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Dr. Gregory Taylor, Chief Public Health Officer of Canada, tabled a report to Parliament on Thursday about family violence.Adrian Wyld/The Canadian Press

Family violence is a serious public health issue in Canada, warns the country's Chief Public Health Officer, who is drawing attention to the "long-lasting and widespread" impact on health of crimes that are under-reported and seldom discussed.

"We need to talk about this," said Gregory Taylor, said Gregory Taylor, whose report was tabled to Parliament Thursday about family violence, which includes physical, sexual, emotional and financial abuse, as well as neglect.

The numbers are startling: Every four days in Canada, a woman is killed by a family member. Seven in 10 reported cases of family violence involve girls and women, amounting to 57,835 victims in 2014. About nine million Canadians have reported experiencing abuse before the age of 15.

All told, 233 Canadians a day are victims of violent incidents that are reported to police.

The numbers are absolutely staggering, Dr. Taylor said in an interview. "I was really quite astounded when we did the research, looking at how many Canadians are impacted."

And yet, the statistics are the tip of the iceberg, he said. Just three in 10 victims said police had been made aware when their spouse had become violent – which means the majority of cases are never reported.

Family violence is under-reported for many reasons: Victims may scared to come forward, or dependent on their abusers, or concerned they won't be believed. Dr. Taylor hopes the report will raise awareness and reduce stigma about the issue.

The impact on health is profound, he noted. The negative effects of family violence "extend far beyond physical injuries and include poor mental health, psychological and emotional distress, suicide, and increased risk of chronic diseases and conditions such as cancer, heart disease and diabetes."

The public health officer tables a report on the state of public health each year; this is the first time the theme has been family violence. The report is based on 519 references, including previously reported Statistics Canada and Public Health Agency of Canada data, as well as interviews with experts.

A positive note is that rates of family violence have generally decreased in recent years, though not in the territories. Reasons for the decline aren't clear, but the study said younger generations may be less likely to have experienced this type of violence. Still, in 2014, police reports show there were about 85,000 victims of family violence in Canada.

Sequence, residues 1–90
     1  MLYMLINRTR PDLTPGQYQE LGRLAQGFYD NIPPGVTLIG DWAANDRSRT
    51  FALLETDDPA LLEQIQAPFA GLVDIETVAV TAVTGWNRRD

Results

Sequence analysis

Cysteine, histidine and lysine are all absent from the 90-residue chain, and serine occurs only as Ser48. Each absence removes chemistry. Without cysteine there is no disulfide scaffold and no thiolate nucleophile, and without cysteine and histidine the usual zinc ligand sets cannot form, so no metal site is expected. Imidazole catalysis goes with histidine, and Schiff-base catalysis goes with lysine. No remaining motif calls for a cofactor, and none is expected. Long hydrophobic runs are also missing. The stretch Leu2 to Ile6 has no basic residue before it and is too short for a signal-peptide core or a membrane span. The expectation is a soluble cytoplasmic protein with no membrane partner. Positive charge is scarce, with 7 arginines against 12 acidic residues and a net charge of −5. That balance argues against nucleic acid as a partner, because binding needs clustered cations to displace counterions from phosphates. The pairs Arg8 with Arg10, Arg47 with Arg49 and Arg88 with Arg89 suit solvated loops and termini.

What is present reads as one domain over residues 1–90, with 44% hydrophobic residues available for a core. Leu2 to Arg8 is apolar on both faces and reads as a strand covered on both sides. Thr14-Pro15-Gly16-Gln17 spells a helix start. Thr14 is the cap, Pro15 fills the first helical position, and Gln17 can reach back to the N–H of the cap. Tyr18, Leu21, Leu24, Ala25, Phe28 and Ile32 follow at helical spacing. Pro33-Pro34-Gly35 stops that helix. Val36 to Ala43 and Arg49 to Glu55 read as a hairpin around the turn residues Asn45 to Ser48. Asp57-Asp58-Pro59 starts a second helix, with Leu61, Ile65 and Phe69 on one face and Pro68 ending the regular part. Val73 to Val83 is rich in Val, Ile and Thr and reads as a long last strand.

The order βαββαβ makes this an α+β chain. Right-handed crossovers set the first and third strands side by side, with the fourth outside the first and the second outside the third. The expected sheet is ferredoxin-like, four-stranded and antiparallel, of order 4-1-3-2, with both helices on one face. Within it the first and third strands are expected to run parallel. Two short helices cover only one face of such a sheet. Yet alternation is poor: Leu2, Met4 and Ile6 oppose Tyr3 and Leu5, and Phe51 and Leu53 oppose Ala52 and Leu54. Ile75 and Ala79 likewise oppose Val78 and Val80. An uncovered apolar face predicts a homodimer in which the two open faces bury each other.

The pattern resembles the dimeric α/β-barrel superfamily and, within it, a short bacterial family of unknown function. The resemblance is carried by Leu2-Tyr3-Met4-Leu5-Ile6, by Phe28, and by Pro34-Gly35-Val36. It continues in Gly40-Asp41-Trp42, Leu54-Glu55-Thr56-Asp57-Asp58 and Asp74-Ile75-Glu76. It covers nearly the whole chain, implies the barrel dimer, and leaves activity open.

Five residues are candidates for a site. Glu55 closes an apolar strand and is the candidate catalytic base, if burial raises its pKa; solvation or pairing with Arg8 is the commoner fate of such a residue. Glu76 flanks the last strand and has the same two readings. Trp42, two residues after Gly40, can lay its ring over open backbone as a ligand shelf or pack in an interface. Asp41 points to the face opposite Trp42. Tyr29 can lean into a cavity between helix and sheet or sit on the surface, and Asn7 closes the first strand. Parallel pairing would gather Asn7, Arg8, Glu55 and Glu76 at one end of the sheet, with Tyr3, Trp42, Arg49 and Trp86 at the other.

Family violence is more likely to affect those who are more vulnerable or marginalized, the study said. Parts of the population at greater risk are women, children, indigenous people, people with disabilities, and those in the LGBT community. Women are more likely than men to be killed by an intimate partner, and to experience sexual abuse along with more severe forms of intimate partner violence.

Indigenous women are three times more likely to report spousal abuse than non-indigenous women, while 40 per cent of indigenous people have experienced abuse before the age of 15. Family violence in indigenous communities stems from many factors, it noted, such as gaps in health and social services, a lack of safe places, concerns about the justice system, and intergenerational trauma related to residential schools.

Across Canada, the health effects are extensive, and can range from mental health issues such as depression and post-traumatic stress disorder, to higher rates of injuries and diseases, and a shorter life span.

There is an economic toll as well – costs for health care resulting from spousal violence come to $200-million a year, while costs related to pain, suffering and loss of life are pegged at $5.5-billion annually, the report noted.

Dr. Taylor hopes this will start a national discussion.

"For a whole variety of reasons, people don't talk about family violence, whether it's because they're embarrassed or there's a stigma," he said. "We need to get this out in the open. If we can get it out in the open we'll begin to understand what causes it, what are the risk factors, and get a better concept of what to do."